Dr. Gorden began his report by paying tribute to the late Dr. Julio Santiago and mentioning some of his numerous contributions to the NIDDK, the NIH, and diabetes research.
He continued his report by describing the conference on "Diabetes Mellitus: Challenges and Opportunities" held September 4-5, 1997, and sponsored by NIDDK and eight other institutes as well as the Office of the Director, NIH.
Dr. Gorden then mentioned the appropriation bills pending in the Senate and the House that would give the NIDDK an increase in its Budget of about 7.0 to 7.5 percent above its FY 1997 Budget. He also described provisions in the Balanced Budget Act of 1997 that included several initiatives related to diabetes research and care. One provision will provide $30 million annually for 5 years for research on type 1 diabetes.
IV. Reports and Discussions
A. Budget Summary: FY 1997 and FY 1998 (See Attachment C)
Mr. Earl Laurence reported in more detail on the Budget for the coming year. He pointed out that during certain periods in the past, the NIH Budget did not keep up with inflation; but in FY 1998, the Congress was giving a real increase to the NIH, even when expressed in constant dollars. He discussed the impact of the Budget increase for each funding mechanism. He said that diabetes research programs stemming from the Balanced Budget Act of 1997 would carry dollars in addition to those in the regular appropriation.
A Council member commented that the research training Budget did not increase and that Council members were concerned about attracting people to research.
A Council member pointed out that a part of the increase in funding for diabetes research grew out of the Diabetes Control and Complications Trial as well as the support of the diabetes advocacy groups.
B. Recent Activities Relating to Diabetes (See Attachment D)
Council member Dr. S. Robert Levine reported on the trans-NIH conference "Diabetes Mellitus: Challenges and Opportunities," held September 4-5, 1997, at the NIH. He described the background and purpose of the conference and compared the dollars spent for diabetes with those spent for AIDS research and related those figures to the lives lost to both diseases. He pointed out that both the conference and the additional funds for diabetes research came out of 2 years of efforts by the diabetes advocacy groups to adopt a national effort to increase the pace of diabetes research. He said that the focus of the conference was to foster an integrated approach to diabetes research, including identifying priorities, opportunities, and needed resources and establishing a method of greater accountability.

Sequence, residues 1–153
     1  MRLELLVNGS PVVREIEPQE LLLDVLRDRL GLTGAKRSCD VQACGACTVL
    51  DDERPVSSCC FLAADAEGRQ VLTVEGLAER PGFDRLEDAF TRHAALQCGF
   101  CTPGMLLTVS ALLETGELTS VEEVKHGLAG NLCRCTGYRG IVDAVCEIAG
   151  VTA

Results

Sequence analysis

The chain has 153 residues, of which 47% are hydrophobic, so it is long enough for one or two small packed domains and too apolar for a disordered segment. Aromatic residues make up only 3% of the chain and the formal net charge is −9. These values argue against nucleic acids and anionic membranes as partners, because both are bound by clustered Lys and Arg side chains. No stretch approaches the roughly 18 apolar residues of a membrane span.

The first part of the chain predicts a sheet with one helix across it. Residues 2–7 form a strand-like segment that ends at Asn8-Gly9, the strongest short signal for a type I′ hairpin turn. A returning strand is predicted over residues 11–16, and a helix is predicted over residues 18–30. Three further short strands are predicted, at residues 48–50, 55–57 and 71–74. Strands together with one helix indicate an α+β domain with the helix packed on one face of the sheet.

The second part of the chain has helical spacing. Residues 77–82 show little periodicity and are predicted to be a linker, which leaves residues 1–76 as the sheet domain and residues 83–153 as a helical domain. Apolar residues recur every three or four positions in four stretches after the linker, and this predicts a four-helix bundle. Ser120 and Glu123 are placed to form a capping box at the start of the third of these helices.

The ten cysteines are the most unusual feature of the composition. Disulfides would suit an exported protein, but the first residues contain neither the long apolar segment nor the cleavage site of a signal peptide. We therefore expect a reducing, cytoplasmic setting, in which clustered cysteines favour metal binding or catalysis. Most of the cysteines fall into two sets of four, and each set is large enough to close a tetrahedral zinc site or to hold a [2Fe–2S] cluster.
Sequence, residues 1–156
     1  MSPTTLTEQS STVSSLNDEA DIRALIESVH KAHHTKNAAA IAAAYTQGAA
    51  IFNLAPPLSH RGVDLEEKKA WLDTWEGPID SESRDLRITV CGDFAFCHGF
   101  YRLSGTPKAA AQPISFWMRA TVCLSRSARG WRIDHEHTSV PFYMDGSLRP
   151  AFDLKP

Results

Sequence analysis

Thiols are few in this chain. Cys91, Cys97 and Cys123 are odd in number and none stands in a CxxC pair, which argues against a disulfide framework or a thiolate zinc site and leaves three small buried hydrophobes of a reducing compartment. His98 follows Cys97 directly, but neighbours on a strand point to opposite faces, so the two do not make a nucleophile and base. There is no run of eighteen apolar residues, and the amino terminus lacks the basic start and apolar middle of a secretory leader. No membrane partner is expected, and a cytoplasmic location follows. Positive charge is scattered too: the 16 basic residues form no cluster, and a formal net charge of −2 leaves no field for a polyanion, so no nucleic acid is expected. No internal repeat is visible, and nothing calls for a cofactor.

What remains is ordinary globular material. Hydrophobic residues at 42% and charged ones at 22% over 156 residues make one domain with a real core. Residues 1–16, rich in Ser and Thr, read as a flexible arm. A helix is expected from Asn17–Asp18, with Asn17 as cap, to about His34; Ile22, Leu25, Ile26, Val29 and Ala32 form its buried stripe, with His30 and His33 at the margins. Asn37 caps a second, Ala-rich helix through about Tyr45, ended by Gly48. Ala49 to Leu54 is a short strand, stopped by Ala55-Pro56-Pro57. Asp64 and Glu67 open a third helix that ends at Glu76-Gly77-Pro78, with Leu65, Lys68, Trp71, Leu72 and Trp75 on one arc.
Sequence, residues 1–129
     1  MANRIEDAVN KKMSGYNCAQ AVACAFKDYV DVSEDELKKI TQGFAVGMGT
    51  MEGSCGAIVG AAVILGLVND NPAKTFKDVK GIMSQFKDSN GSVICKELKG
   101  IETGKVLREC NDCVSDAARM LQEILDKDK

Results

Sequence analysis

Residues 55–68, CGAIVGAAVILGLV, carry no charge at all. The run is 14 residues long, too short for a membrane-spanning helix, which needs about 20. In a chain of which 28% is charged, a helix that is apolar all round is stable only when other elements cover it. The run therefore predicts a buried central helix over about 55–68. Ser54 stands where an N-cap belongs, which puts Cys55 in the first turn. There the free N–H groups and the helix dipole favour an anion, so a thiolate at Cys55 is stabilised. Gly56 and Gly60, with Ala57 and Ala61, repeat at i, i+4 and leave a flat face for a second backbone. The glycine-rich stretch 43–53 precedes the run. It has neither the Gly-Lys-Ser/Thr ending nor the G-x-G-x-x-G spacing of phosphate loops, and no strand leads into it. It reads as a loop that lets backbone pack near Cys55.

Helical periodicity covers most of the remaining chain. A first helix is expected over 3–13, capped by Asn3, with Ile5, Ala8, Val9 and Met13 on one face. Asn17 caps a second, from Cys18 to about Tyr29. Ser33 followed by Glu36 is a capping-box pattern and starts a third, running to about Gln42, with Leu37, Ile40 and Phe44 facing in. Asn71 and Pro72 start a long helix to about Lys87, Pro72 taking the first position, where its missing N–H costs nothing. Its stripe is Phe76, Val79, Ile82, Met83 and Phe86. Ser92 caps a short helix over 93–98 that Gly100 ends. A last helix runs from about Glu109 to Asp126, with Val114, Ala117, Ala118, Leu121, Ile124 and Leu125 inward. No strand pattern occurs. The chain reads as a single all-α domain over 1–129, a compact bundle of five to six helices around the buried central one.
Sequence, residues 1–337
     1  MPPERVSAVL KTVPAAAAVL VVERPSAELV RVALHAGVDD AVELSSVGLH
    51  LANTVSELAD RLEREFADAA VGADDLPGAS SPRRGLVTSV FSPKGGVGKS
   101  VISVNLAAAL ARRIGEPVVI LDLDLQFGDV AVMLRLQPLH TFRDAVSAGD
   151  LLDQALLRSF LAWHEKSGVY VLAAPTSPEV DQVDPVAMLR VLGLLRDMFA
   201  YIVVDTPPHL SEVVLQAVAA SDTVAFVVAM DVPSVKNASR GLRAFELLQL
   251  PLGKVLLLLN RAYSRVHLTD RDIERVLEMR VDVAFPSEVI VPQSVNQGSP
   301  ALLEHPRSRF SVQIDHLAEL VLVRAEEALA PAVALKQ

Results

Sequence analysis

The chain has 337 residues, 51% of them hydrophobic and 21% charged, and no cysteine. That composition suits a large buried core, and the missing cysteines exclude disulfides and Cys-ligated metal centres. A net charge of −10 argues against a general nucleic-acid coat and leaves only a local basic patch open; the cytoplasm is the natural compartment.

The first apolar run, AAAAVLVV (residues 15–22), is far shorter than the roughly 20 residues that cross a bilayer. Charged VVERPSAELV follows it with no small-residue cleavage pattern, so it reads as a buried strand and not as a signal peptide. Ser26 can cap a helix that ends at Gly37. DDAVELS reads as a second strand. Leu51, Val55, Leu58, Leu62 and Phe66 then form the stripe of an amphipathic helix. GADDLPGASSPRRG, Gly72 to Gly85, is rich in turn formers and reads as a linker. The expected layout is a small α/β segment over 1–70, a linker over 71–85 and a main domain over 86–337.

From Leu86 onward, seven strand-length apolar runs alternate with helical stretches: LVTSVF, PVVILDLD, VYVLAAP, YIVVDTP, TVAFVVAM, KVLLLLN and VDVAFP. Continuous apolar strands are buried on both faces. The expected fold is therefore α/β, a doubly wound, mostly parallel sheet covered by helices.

Several Council members who attended the conference gave their impressions of the various presentations and Discussions and agreed that the meeting had been very successful.
A Council member pointed out that diabetic nephropathy was the leading cause of end-stage renal disease and that diabetic patients with end-stage renal disease accounted for the highest numbers of people on dialysis and recipients of transplanted kidneys. He pointed out that the translation of new treatment modalities from research to the general practitioner and the patient was not complete. Dr. Gorden pointed out that the National Diabetes Education Program, currently being developed by the NIDDK, would address this issue.
C. Update on the NIDDK Planning Process
Ms. Carol Feld reported on the NIDDK planning process. She described how the current planning process differed from that used in the past. She referred to the new funds coming to the Institute for diabetes and described how previous planning documents had been important in answering inquiries from the congressional staff members and in preparing Dr. Gorden's testimony before Congress. She described the current planning document and the importance of Council member's review of the document as a way of involving the Institute's constituencies in the planning process. She pointed out that planning was ongoing and that the focus should be on scientific goals and not on michanisms.
A Council member asked about how the Division portfolios addressed the NIH emphasis areas of research. Dr. Gorden pointed out that the current planning document discussed the NIH emphasis areas as they related to the Institute's portfolio.
A Council member pointed out that investigator initiated research was the best way to develop innovative ideas and that creativity could not be legislated. He said that science was driven by creativity not by advocacy for a particular disease.
A Council member pointed out that legislation does affect creativity by establishing an environment in which creativity could thrive. He said that none of the advocacy group's efforts are detrimental to this effort.
D. NIDDK Career Development Award Program (See Attachment E)